Bender brought something to the band which Ralphs could have never provided, star presence. While the Ralpher was a brilliant guitarist and writer, he was never cut out for the guitar god role. He was a humble worker, ever providing chunky riffs, and tasteful leads, but a larger than life stage presence, he was not, and that is just what the band needed to crack America, and Bender seemed born for the role.

Time has gotten things rather crossed, as it often will. There was not much argument from the fans over Ralphs departure, and Ariel's joining - that is something created later by those who must sell sensational stories after the fact. Indeed, audiences loved the change, and The Hooples were poised to becoming world beaters, the band that couldn't fail.

Bender recalls, "I think I joined Mott The Hoople at their biggest and most successful time! The band was much more successful when Ariel was in the band! It was never a problem being compared to Mick, as we were friends. Mick couldn't give a damn if people said that Ariel was better, and Ariel couldn't give a damn if people said Mick was better! No one would have refused to walk into a band that was just about to set off on huge American tours.

"Oh yes, whoever takes anyone’s place in a band will always have comments for and against, it was never a problem for me, as I knew that it would happen. You are always going to be compared.

"It was gigs first - straight to America. I then recorded the Hoople album, although as I said, it was a breeze joining Mott The Hoople. It is when you record that you really feel part of the band."

This is where history gets a bit, shall we say, shitty. One of my qualms with music journalism is its tired propensity for drama. There always has to be a good guy, a bad guy, and blame to be slung about.

The amazing juggernaut that was Mott The Hoople just couldn't last. Mostly, because its leading force, Ian Hunter, wanted no part of what was about to happen. He had become less and less comfortable with the trappings of pending superstardom, and had no appetite for the constant and incredible pressure that came with the territory - so, he blew it up.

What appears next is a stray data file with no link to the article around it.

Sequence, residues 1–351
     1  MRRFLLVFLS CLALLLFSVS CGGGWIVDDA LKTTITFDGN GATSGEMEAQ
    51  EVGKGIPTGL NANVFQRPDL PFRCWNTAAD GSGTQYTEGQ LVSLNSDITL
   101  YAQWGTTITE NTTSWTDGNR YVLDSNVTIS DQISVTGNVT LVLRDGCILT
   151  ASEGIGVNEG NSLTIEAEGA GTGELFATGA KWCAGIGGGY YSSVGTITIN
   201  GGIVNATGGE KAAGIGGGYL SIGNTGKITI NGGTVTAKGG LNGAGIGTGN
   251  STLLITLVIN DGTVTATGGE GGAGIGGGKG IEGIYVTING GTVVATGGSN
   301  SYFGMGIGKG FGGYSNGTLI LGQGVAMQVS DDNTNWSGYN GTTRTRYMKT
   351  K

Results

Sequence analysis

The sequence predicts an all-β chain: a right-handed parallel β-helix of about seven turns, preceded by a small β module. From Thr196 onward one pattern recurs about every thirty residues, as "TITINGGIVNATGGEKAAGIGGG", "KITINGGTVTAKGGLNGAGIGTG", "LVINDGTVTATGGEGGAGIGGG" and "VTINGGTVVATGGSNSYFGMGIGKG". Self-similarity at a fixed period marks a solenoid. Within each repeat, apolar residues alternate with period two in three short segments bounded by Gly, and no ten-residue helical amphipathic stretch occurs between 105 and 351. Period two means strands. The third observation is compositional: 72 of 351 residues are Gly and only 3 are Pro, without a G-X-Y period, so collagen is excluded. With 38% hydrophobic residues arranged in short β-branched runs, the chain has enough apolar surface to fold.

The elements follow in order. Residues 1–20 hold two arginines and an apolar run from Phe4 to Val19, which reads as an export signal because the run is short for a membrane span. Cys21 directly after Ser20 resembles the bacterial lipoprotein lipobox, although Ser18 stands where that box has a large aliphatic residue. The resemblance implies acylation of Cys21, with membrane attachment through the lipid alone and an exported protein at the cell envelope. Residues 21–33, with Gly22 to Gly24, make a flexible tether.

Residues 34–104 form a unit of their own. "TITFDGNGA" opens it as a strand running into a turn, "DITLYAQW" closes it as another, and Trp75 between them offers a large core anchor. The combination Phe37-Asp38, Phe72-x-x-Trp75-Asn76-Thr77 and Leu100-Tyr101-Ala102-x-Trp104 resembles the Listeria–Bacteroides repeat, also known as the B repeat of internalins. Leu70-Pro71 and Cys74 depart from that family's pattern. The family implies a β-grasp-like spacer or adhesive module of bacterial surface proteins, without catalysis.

The band had been forced into going on the road, with the barest of rehearsals for their new guitarist, and was then sent immediately into the studio to record what would become their swansong, 'The Hoople.' In retrospect, much has been made of the lack of creativity on the part of Bender, but a closer look reveals a situation in which the new guy caught some blame for whatever shortcomings may have been felt at the time. In retrospect, 'The Hoople' is as fine a record as the band ever made. Much was said at the time, but let’s remember, this was a band that was imploding from the top down, and everyone felt a bit burned.

On the recording of 'The Hoople,' the guitarist said, "It was quite a mixed album. Marionette, pretty with Pearl and Roy. I played lovely guitar on Alice. If you are a builder you build to plans - it is the same with music. Not everybody can be manic and then controlled. I think there are strokes of genius on Alice, a pretty little ditty!

In fact, if you give the album even a cursory listen, Bender shows himself to be extremely creative, fiery, and inspired. Never had Hunter's proclivity for combining ornate keyboards, stabbing horns, and dirty rock and roll guitars been better realized. Ariel's slashing solo on The Golden Age of Rock and Roll is terrifying and exciting, all aquiver with wild tremolo and bends. Great, great stuff. On Hunter's greatest pop opus, Marionette, the guitars shriek and howl magnificently, and this surely didn't miss the consciousness of listeners such as Queen's Brian May, a huge Bender fan.

Luther recalls, "When Mott The Hoople chose Queen to be the backup band, and we did the UK tour first to gear it up for the American tour, I think everybody was kind of, I know everybody was kind of on their toes. When we went to sound check, we thought, 'Fuckin' hell, these guys are good!' But we got on with them like a house on fire, and we did 'em every night, just as Ian has said, it wasn't a problem.

"I think Queen learned a lot from Mott The Hoople. A lot of nights, they'd always watch us on the side of the stage. They weren't like a support band that would go back to the hotel, or whatever after their set. More than not, they'd stay behind and take it all in. And they were great, great guys, they were amazing. Brian May, his technical ability, he'd blow me straight to smithereens, but he used to say to me, 'Luther, how is it that you do what you do?,' and I'd say, 'Well, how do you do what you do?' I mean, I'm not a purely technical guitar player, I'm more of a play as I feel sort, but I have the ability to do both, sweet and sour. Oh, I like that, sweet and sour!"

Luther then fondly recalled Freddie Mercury coming down to play table tennis backstage, and proceeding to wipe the floor with everyone.